Climate change is both a challenge and an opportunity. It’s a challenge because we’re the Ocean State and we’re facing receding coastline issues. And we need to think about how we’re building our infrastructure to take care of that. It provides a whole new series of jobs and opportunities for business creation. I want to make sure, down the line 30 or 50 years from now, we’re not wringing our hands saying we created this whole new economic sector, but there are no women in charge. We have a chance to build a whole economic sector from scratch that includes a wide variety of folks. … That’s just as important to me as building alternative sources of energy.

  • Does the state need a better business climate? If yes, what actions will you take to help create it?

The answer to that question is yes. Having said that, I’m very proud of the fact I’ve started to chip away at that already. One of my joys in being secretary of state is to run into small business owners, their attorneys or CPAs, who will all tell me how much they love my office. They love the Department of State. They love how easy it is to conduct business, with employees who are friendly, and how quickly they are able to get what they need done and move on with business. I’ve proven that can be done here in Rhode Island at the Department of State. …  We’ve done that with 15- and 20- to 30-year employees, who are all members of a labor union. It’s proof Rhode Island can have good government and can transform its government to better serve the needs of businesses. … We improved the business services division. A lot had to do with investing in our workforces. … We tackled simplifying the amount of forms. We looked at how we could consolidate those forms and how we could design those forms and draft them in plain English. … You should feel excited and encouraged that you’re doing business in the state of Rhode Island. That’s what our website conveys. We did it with our own employees and we did user groups to get a sense of it from businesses on the street. The result of that was we released the latest version of the website literally three days before the shut down of the pandemic.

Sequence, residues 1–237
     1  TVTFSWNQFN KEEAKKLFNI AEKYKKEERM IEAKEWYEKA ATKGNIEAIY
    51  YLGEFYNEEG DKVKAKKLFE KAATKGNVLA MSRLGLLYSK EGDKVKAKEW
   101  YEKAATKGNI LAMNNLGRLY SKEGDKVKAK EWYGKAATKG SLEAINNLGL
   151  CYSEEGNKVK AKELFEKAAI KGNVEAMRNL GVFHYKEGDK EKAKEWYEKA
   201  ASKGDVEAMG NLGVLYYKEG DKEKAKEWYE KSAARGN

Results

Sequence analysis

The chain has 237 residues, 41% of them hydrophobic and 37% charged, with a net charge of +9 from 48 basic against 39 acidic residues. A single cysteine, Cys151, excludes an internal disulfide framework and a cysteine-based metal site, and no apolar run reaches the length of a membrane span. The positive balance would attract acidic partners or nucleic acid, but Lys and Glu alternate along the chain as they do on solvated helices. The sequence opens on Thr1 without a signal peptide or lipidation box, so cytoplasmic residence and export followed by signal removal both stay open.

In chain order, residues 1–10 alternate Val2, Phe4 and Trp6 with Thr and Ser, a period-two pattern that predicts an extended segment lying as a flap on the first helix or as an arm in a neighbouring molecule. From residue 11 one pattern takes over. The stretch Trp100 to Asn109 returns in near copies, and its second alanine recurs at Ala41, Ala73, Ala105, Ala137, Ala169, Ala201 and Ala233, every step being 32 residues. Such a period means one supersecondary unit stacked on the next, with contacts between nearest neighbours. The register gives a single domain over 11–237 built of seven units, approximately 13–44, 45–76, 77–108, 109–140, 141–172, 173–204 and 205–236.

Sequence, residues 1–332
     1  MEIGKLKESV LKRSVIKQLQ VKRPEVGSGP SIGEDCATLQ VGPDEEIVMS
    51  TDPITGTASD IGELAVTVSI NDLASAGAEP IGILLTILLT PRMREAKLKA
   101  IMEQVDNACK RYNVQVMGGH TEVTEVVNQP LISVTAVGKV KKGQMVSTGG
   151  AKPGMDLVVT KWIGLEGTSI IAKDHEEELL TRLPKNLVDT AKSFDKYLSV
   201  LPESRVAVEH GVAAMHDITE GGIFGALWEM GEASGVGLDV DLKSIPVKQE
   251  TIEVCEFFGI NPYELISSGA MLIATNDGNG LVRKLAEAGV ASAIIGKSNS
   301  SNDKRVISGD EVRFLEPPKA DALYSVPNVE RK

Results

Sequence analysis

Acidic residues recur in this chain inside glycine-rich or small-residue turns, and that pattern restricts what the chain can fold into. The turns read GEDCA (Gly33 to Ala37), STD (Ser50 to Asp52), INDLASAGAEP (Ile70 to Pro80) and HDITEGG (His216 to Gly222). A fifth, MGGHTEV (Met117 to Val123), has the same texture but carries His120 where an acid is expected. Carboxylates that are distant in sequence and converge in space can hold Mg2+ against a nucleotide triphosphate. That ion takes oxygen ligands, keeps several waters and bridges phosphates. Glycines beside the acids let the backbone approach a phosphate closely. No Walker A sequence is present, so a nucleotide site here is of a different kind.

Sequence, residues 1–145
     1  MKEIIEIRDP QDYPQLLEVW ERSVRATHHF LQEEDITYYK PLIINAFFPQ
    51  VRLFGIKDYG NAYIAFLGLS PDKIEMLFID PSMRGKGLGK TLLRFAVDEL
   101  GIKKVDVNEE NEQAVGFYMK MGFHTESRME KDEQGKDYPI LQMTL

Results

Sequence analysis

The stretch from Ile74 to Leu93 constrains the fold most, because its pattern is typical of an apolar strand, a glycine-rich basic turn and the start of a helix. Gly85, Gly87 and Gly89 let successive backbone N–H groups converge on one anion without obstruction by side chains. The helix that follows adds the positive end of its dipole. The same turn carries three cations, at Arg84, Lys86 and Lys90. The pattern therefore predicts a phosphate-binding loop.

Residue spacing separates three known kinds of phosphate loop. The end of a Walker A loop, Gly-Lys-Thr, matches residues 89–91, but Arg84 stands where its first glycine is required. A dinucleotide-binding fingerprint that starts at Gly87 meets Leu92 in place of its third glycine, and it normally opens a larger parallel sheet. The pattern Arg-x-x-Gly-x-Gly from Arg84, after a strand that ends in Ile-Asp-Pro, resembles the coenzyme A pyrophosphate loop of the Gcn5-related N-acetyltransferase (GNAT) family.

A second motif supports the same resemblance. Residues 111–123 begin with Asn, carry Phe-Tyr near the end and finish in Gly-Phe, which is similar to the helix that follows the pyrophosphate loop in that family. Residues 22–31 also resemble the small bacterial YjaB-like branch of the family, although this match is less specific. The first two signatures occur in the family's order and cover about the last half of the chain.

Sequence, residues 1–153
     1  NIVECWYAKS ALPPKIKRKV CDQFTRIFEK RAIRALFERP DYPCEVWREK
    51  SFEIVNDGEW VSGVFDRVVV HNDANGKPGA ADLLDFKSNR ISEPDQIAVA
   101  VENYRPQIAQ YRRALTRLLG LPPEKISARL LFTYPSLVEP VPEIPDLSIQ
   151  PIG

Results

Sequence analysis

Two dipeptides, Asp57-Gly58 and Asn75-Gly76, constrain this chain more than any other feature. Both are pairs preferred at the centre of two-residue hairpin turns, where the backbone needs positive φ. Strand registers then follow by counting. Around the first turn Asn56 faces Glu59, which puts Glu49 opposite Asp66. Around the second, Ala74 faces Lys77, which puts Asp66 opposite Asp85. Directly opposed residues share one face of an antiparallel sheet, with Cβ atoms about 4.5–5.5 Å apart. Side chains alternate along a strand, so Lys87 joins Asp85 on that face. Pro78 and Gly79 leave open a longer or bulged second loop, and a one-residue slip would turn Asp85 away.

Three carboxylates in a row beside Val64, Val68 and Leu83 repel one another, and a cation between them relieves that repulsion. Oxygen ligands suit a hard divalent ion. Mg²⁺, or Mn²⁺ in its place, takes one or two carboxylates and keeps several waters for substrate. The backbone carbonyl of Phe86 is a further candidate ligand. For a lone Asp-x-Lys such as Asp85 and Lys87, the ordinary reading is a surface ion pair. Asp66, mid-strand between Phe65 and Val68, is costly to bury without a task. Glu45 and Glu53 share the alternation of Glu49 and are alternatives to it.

If you look at the results, in terms of business incorporations in 2020, we broke records for business incorporations in 2020, despite being closed to the public in-person. That record from 2020 was broken again in 2021. That doesn’t just happen because we’re in a pandemic. That happened because of seven years of investing in the way that the office works, and ensuring that our employees knew that their number one job was that we encourage small businesses in the state.

We built a series of remote workshops and seminars online. The website is the front door for businesses looking to open right now. If your website is not appealing, you’re basically saying you don’t care. We built a website that says, ‘It’s great you’re starting your business. It’s great you’re starting a business in Rhode Island. How can we help you? Oh, you have automated assistance.’ But if you get stuck somewhere, call this number and you’ll talk with a person. I think if we did that with the rest of government, you’d see an instant growth, in terms of what our businesses can do. They’d be spending a lot less time on government and spending a lot more time on what they’d like to do, which is to grow the business.

We need to recognize the economy is changing, and be responsive to that. We’ve made it easier for cooperatives to be formed as an alternative to corporate setups. Until I was secretary of state, those entities that wanted to set up as cooperatives had to go somewhere else. We’ve really highlighted on the website how businesses can reach out, including for social ventures. … There’s a lot of small ways that are not the silver (bullet), ‘Wow this is the one policy that’s going to get it done.’ If I had to summarize, it’s about modernizing government, so we can work with businesses at the speed of business. …